Tuesday, February 24, 2009

Religion V Religion

Morning folks.

Well come back. '09. And what a year it has been. So far, we have seen floods fires and famine. Whoever said that armageddon didn't happen when the clocks ticked over on '99 certainly didn't have a grasp of armageddon stretching out over a few years.
Speaking of religious intolerance, my brain was s(t)imulated by an article in the paper today.
Very simply described, a comedian in Israel has responded to recent a holocaust denier/revisionist/moron from a certain club by having a skit where jesus walking on water and mary's virginity are called into doubt.

While this itself is of little interest to me, I was wondering if this parallels the Jyllands-Posten controversy? If it does compare are we able to draw conclusions about different religious behaviours, and if it doesn't compare, then what is morally different between the two satires?

Any thoughts and ramblings would be encouraged.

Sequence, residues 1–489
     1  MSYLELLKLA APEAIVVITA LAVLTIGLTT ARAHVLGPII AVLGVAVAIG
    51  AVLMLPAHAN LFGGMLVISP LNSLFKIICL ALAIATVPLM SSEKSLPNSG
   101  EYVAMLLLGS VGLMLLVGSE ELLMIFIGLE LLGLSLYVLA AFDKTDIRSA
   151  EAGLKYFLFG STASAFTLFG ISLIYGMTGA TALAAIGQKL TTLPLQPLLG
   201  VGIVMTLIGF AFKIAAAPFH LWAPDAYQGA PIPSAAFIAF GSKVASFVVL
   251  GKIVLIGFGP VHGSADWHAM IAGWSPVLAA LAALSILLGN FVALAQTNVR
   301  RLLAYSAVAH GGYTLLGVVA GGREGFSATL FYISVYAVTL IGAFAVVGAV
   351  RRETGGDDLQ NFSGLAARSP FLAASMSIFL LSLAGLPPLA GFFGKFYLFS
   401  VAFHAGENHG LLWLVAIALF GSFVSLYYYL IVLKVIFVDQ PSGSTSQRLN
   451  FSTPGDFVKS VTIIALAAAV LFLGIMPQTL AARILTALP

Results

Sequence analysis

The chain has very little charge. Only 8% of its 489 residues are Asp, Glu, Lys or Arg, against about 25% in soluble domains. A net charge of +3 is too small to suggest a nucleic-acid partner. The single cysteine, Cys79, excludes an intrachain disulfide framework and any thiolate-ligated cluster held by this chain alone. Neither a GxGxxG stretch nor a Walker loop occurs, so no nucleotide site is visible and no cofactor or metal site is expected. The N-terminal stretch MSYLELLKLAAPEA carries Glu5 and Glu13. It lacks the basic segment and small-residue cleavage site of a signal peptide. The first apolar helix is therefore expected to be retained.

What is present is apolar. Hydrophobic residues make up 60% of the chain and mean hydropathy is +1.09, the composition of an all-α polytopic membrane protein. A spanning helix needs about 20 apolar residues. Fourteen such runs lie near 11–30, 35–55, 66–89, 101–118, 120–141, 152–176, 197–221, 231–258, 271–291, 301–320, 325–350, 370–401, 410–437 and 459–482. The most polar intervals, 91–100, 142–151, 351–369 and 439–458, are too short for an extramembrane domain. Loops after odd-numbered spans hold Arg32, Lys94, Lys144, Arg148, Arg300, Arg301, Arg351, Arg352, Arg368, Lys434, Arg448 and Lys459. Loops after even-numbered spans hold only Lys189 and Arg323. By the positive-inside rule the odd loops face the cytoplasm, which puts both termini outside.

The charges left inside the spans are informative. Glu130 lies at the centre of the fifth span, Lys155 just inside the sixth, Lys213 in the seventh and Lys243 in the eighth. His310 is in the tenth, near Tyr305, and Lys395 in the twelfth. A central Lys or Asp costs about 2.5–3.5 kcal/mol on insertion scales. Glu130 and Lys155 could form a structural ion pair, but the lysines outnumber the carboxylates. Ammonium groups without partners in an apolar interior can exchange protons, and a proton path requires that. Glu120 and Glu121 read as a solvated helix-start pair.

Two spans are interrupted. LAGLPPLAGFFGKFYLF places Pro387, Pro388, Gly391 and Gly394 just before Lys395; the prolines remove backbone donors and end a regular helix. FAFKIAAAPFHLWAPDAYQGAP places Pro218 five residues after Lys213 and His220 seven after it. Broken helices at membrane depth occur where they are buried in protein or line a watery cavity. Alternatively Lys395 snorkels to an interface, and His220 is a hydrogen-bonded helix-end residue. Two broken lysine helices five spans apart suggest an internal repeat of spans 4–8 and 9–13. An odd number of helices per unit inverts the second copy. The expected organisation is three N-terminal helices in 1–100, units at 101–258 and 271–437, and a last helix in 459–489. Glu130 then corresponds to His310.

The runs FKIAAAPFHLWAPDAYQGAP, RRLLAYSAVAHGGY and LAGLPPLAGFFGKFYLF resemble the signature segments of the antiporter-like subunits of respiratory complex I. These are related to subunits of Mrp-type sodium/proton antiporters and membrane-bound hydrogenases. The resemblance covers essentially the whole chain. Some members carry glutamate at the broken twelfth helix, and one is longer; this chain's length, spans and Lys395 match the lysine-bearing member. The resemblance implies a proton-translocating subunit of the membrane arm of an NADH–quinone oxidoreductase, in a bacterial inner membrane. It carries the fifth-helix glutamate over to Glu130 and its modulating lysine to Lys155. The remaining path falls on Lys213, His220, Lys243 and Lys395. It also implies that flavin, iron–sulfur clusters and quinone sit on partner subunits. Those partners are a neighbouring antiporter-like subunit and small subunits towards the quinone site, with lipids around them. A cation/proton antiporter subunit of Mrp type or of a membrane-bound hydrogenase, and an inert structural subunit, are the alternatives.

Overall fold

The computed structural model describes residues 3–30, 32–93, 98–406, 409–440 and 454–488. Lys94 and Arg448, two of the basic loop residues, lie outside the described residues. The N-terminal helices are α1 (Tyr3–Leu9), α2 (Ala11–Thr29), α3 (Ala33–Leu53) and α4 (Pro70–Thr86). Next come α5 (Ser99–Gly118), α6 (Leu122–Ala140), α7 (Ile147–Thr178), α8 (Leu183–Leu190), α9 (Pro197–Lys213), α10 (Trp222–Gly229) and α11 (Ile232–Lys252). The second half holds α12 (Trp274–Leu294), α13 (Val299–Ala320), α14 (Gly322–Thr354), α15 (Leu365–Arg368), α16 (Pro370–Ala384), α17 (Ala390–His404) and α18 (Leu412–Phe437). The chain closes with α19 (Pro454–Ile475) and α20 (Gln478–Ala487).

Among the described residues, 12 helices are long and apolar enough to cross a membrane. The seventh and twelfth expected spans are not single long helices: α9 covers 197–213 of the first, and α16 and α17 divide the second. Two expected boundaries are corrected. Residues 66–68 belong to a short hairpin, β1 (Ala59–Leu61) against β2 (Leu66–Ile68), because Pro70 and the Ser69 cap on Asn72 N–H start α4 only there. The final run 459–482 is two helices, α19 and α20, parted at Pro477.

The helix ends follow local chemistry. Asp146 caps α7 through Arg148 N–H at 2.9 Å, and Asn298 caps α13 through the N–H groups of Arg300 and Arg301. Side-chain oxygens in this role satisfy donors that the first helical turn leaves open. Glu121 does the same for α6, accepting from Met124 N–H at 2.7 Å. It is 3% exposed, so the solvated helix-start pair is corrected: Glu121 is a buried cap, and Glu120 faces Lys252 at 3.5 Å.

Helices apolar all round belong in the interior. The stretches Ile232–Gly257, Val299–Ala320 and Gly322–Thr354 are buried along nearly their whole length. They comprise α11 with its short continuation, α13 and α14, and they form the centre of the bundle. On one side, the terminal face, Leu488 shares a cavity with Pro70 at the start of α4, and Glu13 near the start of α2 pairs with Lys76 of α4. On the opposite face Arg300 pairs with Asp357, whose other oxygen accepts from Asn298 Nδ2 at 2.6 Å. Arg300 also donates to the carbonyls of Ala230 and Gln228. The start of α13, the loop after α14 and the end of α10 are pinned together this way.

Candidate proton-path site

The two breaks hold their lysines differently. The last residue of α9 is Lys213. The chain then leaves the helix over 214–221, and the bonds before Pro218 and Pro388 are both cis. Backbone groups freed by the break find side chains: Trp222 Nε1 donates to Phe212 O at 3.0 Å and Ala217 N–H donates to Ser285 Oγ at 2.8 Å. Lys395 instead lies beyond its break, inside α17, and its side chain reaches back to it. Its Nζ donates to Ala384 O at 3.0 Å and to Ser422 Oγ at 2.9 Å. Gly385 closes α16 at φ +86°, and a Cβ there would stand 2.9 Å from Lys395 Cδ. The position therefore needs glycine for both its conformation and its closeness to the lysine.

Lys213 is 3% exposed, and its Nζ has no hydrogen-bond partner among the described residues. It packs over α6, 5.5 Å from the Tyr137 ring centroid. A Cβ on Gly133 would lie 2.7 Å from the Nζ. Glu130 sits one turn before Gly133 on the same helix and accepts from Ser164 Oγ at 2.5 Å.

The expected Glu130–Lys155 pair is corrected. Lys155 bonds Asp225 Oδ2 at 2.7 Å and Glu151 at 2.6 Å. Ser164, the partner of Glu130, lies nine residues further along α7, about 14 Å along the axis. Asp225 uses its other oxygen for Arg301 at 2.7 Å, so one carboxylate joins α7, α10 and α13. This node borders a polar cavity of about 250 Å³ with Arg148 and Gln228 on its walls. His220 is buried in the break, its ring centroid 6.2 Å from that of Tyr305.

Yours, in love, Mr. TriSickle.


Nick said...

I'm sure there are more substantive thoughts in my brain, but I'm at a bit in my thesis that is draining system resources like nothing else. All I can say is: children will fight on occasion.

Andreea said...

My brain is also fried from too much looking at books today (plus lots of Teh Stupid on the net) - however, to me it's an issue of power, as well as one of intent/effect (which is, in itself, dictated by power).

In Western countries the Vatican and Christianity certainly have more power than Islam and its followers, or Jewish people. Hence, I wouldn't say having a racist and Islamophobic cartoon in a European newspaper, or having a prominent member of the clergy (who has since been reinstated) deny that the Holocaust happened, is the same as having a (by the sound of it) puerile attempt at ridiculing certain Christian beliefs (which certain Christians question too, such as Mary's virginity - although the way it was done in the play does sound disrespectful and intended to offend.)

Which brings me to the second point - I'd say the intent may have been similar, but the effect certainly has not been the same. The Jyllands-Posten cartoons contributed to riots and people dying; Richard Williamson's comments have caused pain to survivors and close relatives and friends of survivors; by comparison, the effects of this ill-conceived play seem mild.